The antiwar movement prepares to escalate

The day the war starts, organizers vow to shut down financial districts -- and even infiltrate a key U.S. Air Force base.

Topics: Iraq, Middle East,

The antiwar movement prepares to escalate

If bombs start falling on Iraq, peace activists say, expect insurgency at home.

Demonstrators are planning to shut down San Francisco’s Financial District, to gather by the thousands in New York’s Times Square and stage sit-ins in Washington, D.C. Others are ready to try to breach security at Vandenberg Air Force Base in Southern California, where many of the military targeting operations will be done for an Iraq bombing campaign. They’re going not just to protest, but to interfere. “We have the possibility of disrupting operations that feed directly into the Iraq war in a limited but very real way,” says Peter Lumsdaine, coordinator of the Military Globalization Project, the group that’s organizing the Vandenberg action.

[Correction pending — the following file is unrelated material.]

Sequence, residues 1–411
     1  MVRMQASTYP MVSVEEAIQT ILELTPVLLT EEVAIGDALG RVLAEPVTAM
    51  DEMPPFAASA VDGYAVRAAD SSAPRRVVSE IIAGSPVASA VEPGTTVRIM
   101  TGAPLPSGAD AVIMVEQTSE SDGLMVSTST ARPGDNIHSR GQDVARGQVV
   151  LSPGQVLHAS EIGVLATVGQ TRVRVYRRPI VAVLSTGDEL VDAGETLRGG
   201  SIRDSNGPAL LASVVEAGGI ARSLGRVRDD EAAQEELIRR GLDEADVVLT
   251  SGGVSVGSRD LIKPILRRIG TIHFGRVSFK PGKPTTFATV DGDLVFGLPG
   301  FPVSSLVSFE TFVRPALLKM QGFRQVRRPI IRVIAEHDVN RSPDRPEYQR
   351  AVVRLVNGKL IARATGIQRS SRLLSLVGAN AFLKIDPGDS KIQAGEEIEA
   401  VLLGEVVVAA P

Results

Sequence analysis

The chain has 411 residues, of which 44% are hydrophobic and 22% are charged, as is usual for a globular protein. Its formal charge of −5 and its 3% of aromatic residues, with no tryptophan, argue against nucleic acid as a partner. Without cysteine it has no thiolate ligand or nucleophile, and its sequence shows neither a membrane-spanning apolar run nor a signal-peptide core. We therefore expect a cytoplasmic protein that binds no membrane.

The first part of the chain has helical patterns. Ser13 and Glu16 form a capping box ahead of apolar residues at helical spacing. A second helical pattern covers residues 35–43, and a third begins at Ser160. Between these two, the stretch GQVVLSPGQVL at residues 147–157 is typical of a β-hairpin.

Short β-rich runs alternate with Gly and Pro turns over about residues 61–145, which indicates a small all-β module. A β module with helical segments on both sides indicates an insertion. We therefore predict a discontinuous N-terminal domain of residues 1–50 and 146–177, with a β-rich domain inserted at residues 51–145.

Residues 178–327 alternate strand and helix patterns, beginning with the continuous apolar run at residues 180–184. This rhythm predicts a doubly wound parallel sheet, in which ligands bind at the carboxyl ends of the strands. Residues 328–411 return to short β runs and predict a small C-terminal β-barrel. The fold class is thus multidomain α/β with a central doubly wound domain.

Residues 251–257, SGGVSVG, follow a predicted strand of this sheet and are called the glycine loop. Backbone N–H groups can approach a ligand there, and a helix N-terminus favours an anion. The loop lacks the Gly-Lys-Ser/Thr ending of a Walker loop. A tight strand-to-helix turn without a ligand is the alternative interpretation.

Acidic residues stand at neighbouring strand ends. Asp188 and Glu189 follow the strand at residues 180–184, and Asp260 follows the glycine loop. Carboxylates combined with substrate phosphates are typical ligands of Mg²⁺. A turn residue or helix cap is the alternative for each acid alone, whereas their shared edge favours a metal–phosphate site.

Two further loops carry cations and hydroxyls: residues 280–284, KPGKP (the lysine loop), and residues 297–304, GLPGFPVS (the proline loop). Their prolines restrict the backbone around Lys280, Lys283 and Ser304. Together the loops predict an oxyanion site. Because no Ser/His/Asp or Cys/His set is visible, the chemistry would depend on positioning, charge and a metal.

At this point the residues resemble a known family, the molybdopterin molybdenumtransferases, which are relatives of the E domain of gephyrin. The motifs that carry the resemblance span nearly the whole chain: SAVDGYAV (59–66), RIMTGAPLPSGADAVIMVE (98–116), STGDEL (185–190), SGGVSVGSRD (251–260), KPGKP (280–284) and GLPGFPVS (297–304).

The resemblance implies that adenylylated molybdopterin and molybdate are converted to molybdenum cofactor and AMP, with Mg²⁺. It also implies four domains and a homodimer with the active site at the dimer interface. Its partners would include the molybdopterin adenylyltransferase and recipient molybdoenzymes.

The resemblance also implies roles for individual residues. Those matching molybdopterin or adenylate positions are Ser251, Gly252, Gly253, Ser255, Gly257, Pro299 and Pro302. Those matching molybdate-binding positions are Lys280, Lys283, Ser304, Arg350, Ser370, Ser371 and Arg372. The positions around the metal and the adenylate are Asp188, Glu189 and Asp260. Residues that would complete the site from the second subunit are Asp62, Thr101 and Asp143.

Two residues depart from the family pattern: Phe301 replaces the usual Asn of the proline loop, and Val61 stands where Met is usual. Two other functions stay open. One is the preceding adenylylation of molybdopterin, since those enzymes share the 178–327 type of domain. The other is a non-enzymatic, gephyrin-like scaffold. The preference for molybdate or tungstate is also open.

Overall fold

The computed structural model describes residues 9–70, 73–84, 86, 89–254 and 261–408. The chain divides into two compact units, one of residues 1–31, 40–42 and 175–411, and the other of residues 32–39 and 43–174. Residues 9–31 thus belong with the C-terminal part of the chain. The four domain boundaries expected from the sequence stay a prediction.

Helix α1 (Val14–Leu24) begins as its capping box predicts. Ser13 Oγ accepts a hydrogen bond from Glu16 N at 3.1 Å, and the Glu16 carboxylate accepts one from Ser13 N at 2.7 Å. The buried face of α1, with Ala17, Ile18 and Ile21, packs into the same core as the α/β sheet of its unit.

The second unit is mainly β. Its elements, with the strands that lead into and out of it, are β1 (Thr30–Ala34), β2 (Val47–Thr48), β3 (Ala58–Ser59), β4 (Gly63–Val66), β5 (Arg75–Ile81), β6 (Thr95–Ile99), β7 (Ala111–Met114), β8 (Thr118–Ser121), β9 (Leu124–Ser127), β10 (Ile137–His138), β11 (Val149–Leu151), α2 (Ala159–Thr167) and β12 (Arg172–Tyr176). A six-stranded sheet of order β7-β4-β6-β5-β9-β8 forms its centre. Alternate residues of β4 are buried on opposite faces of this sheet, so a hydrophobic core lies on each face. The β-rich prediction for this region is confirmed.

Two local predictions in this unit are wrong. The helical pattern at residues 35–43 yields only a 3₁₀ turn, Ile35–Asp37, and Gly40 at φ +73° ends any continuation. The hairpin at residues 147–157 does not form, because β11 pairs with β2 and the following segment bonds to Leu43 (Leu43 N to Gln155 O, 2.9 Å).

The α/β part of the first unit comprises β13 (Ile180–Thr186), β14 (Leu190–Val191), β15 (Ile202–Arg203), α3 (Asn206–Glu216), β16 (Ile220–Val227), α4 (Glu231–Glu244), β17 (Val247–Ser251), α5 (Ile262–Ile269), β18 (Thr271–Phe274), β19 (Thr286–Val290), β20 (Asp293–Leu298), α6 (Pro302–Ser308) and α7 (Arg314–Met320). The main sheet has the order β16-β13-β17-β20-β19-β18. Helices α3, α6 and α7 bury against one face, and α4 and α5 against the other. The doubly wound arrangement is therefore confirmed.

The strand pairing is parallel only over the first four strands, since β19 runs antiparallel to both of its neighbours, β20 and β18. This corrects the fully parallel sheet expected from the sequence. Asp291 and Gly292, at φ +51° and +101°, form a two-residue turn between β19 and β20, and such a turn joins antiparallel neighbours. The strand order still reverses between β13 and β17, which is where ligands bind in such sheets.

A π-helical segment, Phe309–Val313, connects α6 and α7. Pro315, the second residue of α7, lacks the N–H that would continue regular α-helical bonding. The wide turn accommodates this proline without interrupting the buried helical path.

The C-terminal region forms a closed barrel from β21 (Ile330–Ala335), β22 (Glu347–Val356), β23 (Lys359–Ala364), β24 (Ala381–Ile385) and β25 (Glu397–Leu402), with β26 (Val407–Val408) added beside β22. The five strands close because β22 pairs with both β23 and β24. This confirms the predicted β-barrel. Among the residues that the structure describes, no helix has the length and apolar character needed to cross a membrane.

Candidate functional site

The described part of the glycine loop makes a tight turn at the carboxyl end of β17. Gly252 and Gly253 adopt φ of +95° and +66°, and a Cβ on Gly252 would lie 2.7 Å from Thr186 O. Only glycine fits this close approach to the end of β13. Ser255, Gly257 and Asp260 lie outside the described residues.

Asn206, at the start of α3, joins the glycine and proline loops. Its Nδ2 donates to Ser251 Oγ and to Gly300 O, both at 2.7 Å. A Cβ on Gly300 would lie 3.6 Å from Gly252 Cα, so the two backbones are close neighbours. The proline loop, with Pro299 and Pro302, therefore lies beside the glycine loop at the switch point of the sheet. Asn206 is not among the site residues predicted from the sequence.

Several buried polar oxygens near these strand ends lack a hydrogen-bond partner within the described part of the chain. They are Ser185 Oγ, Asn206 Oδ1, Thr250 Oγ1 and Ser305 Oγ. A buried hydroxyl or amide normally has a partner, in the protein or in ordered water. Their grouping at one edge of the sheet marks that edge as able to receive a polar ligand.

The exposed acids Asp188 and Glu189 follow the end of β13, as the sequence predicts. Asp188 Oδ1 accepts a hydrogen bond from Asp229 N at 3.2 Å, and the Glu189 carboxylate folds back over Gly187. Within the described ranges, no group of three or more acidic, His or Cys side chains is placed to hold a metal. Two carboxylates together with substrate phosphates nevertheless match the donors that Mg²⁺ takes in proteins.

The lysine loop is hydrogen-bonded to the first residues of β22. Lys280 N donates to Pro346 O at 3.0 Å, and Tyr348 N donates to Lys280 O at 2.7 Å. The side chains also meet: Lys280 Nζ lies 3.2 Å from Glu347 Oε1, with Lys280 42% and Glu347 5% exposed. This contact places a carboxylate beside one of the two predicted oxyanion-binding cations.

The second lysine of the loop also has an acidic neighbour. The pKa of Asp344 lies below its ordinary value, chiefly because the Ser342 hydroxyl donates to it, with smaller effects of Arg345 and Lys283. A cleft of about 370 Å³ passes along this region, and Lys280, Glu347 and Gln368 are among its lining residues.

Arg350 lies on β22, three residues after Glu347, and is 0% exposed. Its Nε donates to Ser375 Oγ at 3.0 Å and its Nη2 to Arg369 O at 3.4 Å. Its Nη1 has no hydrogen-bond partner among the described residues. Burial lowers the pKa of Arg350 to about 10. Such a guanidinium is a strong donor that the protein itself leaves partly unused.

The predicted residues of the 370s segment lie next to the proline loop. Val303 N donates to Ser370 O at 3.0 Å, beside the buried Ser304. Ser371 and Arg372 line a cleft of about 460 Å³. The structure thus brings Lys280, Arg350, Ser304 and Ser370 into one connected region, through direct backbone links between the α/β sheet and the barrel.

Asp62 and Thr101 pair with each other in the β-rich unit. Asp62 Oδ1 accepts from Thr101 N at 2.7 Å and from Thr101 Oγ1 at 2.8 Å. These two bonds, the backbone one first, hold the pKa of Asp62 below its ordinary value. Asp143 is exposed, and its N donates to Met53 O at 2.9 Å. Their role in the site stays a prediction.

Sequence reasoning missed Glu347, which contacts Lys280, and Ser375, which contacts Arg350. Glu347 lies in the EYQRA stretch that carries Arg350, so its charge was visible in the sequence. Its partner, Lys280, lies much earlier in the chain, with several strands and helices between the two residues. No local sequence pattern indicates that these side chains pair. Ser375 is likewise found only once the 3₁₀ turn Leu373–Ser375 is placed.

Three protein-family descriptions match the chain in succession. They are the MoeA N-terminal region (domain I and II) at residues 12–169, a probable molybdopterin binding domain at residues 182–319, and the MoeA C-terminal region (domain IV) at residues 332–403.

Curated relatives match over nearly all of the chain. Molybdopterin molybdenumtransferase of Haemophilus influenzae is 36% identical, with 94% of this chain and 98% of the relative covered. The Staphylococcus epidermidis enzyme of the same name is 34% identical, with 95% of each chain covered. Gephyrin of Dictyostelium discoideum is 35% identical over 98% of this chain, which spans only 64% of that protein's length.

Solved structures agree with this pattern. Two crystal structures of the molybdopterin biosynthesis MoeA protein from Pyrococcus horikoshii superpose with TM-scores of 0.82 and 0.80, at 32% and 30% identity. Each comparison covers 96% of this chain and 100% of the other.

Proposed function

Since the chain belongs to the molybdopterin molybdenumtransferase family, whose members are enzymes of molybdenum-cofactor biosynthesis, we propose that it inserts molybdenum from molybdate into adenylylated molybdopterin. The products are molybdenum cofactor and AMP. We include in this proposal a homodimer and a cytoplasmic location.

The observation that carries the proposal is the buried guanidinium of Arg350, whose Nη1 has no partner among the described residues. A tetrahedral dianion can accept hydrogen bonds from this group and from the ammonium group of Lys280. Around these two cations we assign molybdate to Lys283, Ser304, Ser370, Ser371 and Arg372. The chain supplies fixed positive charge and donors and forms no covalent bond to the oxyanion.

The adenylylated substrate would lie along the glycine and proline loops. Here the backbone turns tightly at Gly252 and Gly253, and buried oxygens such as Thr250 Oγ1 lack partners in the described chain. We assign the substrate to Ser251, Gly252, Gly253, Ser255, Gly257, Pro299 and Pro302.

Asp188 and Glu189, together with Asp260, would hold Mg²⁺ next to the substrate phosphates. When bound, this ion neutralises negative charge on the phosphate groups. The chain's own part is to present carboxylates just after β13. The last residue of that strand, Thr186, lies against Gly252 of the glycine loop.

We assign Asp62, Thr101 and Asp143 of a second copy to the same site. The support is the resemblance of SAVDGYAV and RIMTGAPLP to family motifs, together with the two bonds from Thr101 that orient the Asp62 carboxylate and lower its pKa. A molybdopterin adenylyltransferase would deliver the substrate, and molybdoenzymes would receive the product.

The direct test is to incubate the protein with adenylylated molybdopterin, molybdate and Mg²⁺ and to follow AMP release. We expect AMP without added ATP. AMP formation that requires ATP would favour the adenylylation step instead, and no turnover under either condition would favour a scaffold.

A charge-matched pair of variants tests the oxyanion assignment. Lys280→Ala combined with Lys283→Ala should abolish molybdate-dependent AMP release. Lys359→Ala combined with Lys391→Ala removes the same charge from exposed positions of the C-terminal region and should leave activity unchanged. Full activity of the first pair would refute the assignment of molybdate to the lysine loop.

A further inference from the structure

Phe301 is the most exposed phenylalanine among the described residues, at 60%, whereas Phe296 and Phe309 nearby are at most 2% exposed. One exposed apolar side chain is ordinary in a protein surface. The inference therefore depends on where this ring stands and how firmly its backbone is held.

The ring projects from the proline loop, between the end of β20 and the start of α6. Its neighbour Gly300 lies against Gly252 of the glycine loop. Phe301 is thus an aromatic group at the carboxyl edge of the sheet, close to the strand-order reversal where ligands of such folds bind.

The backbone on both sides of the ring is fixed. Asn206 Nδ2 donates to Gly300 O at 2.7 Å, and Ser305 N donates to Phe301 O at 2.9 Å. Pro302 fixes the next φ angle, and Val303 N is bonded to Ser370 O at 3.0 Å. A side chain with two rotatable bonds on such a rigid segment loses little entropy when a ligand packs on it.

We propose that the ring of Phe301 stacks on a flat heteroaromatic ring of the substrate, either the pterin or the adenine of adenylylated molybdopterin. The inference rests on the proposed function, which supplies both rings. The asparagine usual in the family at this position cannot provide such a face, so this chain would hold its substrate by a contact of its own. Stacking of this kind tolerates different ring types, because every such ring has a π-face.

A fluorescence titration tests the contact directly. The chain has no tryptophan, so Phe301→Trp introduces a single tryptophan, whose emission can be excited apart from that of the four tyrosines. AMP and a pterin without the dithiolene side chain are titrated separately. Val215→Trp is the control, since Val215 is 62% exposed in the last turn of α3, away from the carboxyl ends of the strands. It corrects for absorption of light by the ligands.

Until now, most of the big antiwar demonstrations, especially in the United States, have been peaceful, preplanned, law-abiding events. Permits have been secured, routes mapped, and stages set up. The next phase in the antiwar movement is likely to be far more spontaneous and chaotic. Frustrated by a government they say is ignoring their voice, galvanized by the imminence of war, activists are moving from protest to direct action. “My sense is that if the war breaks out, things will escalate,” says L.A. Kauffman, a staff organizer with United for Peace and Justice, a major antiwar coalition. “You’ll see a lot more street blockades and building blockades. You’ll see the normal course of business disrupted by protests in a way that hasn’t happened so far.”